Calm down, I’m not saying it’s a good idea. But I also don’t think it’s impossible. Let’s review what we know and see how likely it is.

First: he’s rocked Spring Training with five strikeouts (including Jhonny Peralta and Brandon Inge looking) and a walk in 3 IP. He went from scraping prospect lists (in 2010, he was 96 on Keith Law’s and didn’t show up on Baseball America) to being in the top 20. Michael Kay and John Sterling are singing his praises in between being in awe of Ryan Pope’s college (Savannah College of Art and Design) and confusing Brandon Laird with his brother, Gerald. Keith Law thinks he could pitch in the majors now. Frankie Piliere loves his three plus pitches. He’ll be only 20 next week. Life is good.

We also know he’s not going to break camp in the Bronx. He’s been penned to start with the Trenton Thunder, which is exactly where he belongs. He has a whopping 15 IP above A-ball and last year threw only 65 IP due to an appendectomy in the beginning of the season. It was an impressive 65 IP with a 2.58 ERA and an 11.8 k/9, but a small sample nonetheless. Though we’ve yet to see how well he can perform over a full season facing batters above A-level, it’s obvious that Banuelos has something going. The peripherals are there.

Make no mistake, it’s not a good idea to have ManBan pitching August games in the Bronx. If Banuelos is putting on pinstripes, the fifth starter problem hasn’t been solved. Someone is probably injured. The AAA kids aren’t doing well enough to get the call themselves. If Banuelos blows through a few months of AA, puts on his Scranton Yankee outfit and absolutely dominates, I think he’s just as likely to be promoted. Is there a chance that he is chosen to pick up that fifth starter spot over some of the older kids? I think so, especially if the numbers are there. If Warren, Noesi and Phelps are struggling (or simply not as good), it doesn’t seem sensible to use them over a surging Banuelos.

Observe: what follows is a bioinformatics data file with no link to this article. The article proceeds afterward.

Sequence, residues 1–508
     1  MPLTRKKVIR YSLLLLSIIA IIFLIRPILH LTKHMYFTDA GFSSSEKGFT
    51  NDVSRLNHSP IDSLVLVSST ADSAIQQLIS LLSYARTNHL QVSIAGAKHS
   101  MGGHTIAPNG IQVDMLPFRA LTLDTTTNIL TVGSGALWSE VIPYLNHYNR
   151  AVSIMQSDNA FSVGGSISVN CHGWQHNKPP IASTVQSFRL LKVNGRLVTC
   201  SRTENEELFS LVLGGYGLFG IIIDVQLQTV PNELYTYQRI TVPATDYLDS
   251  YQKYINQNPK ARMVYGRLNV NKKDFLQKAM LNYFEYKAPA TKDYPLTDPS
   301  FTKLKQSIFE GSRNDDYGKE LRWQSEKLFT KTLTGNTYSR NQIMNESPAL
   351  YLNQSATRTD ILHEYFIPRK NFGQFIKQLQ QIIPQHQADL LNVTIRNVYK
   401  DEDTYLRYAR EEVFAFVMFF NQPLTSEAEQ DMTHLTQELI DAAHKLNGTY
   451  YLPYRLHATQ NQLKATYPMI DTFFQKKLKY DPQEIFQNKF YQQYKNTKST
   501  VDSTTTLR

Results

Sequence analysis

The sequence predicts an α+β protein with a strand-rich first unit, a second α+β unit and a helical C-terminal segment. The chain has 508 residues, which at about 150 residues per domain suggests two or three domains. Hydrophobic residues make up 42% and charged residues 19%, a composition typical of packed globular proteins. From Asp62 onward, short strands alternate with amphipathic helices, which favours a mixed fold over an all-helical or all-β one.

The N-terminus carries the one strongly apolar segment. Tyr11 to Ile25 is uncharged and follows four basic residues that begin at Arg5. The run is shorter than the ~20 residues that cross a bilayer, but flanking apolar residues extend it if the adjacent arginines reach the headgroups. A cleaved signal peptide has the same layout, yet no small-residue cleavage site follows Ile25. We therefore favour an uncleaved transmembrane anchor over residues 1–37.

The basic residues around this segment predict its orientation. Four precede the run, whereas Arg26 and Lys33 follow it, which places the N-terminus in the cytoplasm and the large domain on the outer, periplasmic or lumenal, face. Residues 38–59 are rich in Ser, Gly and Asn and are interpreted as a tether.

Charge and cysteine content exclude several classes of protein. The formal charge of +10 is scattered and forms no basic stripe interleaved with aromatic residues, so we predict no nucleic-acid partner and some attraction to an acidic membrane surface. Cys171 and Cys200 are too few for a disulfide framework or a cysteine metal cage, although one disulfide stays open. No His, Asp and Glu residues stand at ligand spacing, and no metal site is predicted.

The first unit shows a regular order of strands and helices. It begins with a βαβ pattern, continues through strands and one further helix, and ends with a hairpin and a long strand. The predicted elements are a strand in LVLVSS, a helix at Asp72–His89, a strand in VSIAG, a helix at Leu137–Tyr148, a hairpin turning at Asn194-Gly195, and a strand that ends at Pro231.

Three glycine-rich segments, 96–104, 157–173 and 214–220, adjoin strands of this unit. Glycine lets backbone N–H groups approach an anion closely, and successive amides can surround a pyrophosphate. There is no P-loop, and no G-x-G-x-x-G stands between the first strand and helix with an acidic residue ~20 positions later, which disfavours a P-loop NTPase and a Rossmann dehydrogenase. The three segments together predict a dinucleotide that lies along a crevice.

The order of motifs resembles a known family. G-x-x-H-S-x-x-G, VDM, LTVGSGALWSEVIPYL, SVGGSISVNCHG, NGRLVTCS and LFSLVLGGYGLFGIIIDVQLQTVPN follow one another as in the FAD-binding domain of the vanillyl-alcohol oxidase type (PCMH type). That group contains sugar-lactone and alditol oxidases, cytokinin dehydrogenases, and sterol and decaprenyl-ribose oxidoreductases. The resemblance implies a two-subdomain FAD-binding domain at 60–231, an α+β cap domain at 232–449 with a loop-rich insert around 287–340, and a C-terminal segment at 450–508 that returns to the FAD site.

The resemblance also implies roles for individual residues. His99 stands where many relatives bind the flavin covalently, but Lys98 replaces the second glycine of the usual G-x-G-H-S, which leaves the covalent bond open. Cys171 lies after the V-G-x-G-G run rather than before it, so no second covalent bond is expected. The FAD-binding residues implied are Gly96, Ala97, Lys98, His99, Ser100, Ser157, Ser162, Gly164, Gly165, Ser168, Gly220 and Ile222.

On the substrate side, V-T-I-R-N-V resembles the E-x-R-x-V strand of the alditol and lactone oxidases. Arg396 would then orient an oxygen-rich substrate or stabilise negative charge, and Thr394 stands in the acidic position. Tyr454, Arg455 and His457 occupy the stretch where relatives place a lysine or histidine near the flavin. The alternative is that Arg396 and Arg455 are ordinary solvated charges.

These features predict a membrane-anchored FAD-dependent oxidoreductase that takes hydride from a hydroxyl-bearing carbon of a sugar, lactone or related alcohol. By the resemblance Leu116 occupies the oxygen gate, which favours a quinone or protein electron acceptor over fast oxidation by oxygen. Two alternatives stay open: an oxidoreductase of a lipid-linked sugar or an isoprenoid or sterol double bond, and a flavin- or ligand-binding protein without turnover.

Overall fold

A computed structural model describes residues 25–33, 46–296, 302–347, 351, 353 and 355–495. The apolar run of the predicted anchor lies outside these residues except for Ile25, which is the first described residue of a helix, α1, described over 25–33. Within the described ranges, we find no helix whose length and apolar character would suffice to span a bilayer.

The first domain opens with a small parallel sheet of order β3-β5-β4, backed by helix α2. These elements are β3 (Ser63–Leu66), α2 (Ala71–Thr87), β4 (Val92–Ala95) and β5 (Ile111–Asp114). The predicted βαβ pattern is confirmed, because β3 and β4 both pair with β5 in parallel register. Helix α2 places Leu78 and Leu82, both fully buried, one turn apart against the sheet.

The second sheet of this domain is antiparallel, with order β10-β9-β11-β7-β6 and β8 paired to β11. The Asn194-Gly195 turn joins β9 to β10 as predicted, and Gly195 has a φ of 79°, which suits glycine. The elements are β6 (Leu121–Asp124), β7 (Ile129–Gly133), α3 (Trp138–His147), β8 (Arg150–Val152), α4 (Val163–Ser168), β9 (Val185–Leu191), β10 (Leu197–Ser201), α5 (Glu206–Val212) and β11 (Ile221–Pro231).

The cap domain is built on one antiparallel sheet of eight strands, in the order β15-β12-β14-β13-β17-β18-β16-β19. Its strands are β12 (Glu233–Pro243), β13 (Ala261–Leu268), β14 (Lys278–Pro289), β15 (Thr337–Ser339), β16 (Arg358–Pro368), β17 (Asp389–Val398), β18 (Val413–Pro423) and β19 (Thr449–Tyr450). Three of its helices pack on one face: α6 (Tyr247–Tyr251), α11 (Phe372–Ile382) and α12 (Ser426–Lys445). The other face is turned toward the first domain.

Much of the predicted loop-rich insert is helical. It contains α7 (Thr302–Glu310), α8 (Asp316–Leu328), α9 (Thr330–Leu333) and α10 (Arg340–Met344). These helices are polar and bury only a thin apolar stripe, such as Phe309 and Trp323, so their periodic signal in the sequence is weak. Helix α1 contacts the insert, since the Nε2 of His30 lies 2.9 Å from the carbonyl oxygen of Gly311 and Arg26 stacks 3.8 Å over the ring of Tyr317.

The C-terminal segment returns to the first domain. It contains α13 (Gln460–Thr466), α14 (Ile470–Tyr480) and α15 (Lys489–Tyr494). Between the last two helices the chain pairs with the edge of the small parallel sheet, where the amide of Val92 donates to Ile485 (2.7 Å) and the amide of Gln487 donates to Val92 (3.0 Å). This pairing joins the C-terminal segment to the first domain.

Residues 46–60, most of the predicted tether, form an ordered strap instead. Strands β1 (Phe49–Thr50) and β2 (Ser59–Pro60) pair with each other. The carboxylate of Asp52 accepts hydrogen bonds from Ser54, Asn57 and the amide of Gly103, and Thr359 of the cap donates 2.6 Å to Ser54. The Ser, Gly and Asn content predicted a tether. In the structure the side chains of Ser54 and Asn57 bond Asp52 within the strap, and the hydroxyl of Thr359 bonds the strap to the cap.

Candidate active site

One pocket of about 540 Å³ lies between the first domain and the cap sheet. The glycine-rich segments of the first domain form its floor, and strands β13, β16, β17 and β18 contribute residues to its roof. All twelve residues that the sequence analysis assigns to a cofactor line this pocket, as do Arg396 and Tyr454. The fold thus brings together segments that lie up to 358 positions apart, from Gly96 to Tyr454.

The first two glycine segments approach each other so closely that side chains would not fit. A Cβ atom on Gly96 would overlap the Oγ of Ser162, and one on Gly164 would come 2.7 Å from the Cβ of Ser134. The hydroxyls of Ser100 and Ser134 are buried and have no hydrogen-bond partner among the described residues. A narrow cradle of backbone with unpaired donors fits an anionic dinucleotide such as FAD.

It’s also not unfeasible to bring Banuelos up straight from AA, which is the more likely possibility than a short stint in Scranton. Taking a pitcher straight from AA and plopping him into a major league rotation might seem like a big jump, but it’s been done before with plenty of success: CC Sabathia, Clayton Kershaw, Josh Beckett, and Cole Hamels all never sniffed AAA before they played with a big club. Rick Porcello played only one year in High A before the Tigers stuck him in their rotation to post a 3.96 ERA the next year. Interestingly enough, Mark Prior threw only 90 innings of minor league ball (though this included seven AAA games) before he was called up by none other than Larry Rothschild.

If Banuelos comes up for an extended period of time – perhaps filling in for a June injury and a Mitre failure to perform – the Yankees would have to put him on a pretty strict innings limit. The most innings Banuelos has ever thrown was 109 back in 2009. We know enough about Joba’s rules that I don’t have to get into it, and Hughes was skipped several times in 2010 but still threw almost 80 more innings than his previous year. We all watched Hughes’ second half taper off as he climbed over that limit, and the last thing we want is to watch Banuelos have several brilliant starts and hit a wall. If all of ManBan’s starts go six innings, that’s just about eleven starts before he’s pitching over his 2010 IP. Hopefully, he’s not needed for that long.

While I don’t think it’s the best idea to put Banuelos in pinstripes this year, I can certainly see it happening. It wouldn’t be too bad, either, as long as the Yankees are careful with his innings and don’t throw him to the wolves the way the Tigers did to Jeremy Bonderman the year they lost 119 games. I think we’re safe from a losing season of that caliber, but the fact is that Banuelos’ arm seems pretty damn nice and it shouldn’t be thrown about willy-nilly. From what it’s worth, I think the Yankees can figure out how to turn him from prospect to number-one starter and I am personally super excited to see him in the rotation. While I don’t think he’s definitely going to show up this year, I wouldn’t put it past the Yankees to bypass Warren or Noesi and see what Banuelos can do.